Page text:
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January 2017
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Greetings to all and welcome to 2017!  We hope that all of you enjoyed the holiday season.  Here are some interesting items to read about.





Parties May Be Subject to Sanctions for Producing Unprepared Witnesses

            A judge in the Southern District of New York recently sanctioned a law firm because its witness was "patently unprepared" for his deposition. In a trademark dispute between two popular fragrance brands, the plaintiffs sent a deposition notice pursuant to FRCP 30(b)(6) to defendant, seeking testimony about the ingredients and chemical composition of defendant's fragrances. The defendant produced a retail salesman, who, at his deposition, was unable to answer questions on the topic. When asked who would be more knowledgeable on the information sought in the deposition, the witnesses identified the company president.
            Thereafter, District Judge Jesse Furman ordered the defendant to produce another witness who could testify as to the noticed topics. Defendant subsequently produced a board member and investor of the company. During his deposition, the investor admitted that he had not done much to prepare and had not spoken to the company president or any other employee, but that he had read some documents and spoken to defendant's counsel. When asked about the ingredients of defendant's product, he answered: "I am not a chemist, I wouldn't know." He was also unable to answer questions about what type of testing was used to select defendant's fragrance compositions or how safety reports are used.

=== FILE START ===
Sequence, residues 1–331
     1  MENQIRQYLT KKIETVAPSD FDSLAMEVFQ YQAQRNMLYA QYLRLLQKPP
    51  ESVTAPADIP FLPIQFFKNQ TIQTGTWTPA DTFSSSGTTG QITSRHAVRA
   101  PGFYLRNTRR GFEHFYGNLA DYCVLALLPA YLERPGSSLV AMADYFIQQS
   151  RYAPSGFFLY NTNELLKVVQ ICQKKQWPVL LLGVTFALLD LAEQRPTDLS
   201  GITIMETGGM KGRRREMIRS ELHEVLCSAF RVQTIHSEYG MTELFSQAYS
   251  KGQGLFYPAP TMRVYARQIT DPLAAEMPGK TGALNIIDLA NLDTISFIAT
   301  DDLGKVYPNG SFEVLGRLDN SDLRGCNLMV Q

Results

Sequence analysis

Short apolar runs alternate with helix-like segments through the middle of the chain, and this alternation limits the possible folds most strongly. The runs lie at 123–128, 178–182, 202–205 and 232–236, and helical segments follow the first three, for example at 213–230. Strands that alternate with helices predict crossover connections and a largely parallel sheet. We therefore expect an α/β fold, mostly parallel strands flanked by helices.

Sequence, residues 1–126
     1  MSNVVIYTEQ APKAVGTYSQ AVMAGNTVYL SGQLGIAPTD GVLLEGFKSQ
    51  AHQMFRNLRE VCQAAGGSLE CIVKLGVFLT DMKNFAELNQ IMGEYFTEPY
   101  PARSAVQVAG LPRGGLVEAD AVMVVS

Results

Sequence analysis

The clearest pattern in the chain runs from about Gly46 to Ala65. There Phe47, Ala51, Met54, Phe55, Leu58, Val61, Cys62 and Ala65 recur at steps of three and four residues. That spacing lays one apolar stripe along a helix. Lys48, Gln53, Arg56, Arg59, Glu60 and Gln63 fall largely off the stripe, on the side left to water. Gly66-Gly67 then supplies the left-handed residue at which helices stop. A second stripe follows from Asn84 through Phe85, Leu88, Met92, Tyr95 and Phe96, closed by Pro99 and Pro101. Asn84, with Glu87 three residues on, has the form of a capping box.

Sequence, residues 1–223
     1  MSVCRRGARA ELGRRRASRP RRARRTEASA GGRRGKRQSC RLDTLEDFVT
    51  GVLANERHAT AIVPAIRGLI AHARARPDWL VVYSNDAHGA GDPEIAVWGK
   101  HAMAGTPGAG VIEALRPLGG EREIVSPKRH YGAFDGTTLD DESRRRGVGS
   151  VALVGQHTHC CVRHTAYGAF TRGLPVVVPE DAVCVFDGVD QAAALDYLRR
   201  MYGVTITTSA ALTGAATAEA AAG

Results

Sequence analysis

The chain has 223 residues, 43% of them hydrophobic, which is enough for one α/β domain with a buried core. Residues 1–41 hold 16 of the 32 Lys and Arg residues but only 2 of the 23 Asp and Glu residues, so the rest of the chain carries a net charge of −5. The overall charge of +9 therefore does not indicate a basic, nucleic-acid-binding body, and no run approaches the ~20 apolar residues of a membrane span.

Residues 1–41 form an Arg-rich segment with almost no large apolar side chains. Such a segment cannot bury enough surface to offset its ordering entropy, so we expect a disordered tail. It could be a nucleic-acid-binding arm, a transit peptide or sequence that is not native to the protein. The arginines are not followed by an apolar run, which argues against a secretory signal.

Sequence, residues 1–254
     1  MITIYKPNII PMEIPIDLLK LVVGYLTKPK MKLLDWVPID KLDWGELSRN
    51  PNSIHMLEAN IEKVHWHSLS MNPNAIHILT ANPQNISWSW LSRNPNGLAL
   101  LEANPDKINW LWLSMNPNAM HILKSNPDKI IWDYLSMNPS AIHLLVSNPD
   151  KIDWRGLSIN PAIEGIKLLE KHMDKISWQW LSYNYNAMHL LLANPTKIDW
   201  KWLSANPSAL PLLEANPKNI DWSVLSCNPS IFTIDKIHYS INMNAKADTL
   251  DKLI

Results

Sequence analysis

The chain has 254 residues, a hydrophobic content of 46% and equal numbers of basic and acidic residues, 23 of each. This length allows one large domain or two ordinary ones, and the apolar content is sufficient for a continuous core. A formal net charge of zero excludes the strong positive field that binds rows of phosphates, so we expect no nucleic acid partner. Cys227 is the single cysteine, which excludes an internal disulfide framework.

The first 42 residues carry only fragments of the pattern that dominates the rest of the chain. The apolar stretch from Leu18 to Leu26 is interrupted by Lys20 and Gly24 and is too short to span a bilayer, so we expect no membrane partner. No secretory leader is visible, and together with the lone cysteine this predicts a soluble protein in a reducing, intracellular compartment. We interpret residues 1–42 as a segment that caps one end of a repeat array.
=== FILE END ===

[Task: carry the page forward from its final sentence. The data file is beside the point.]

Following the deposition, plaintiffs moved for sanctions under Rule 37 of the Federal Rules of Civil Procedure. Judge Furman granted the motion, noting that because the witness lacked a background in chemistry and had no day-to-day involvement in the operations of the company, it was necessary for him to gather background information prior to his deposition. His failure to do so, Judge Furman found, was "egregious and worthy of sanctions." In sanctioning the defendant, Judge Furman precluded it from introducing at trial any factual testimony or documents regarding the chemical composition of its fragrances, its compliance with health and safety laws, and tests or studies of its perfumes. He also ordered defendant to reimburse plaintiffs for reasonable expenses and attorney's fees.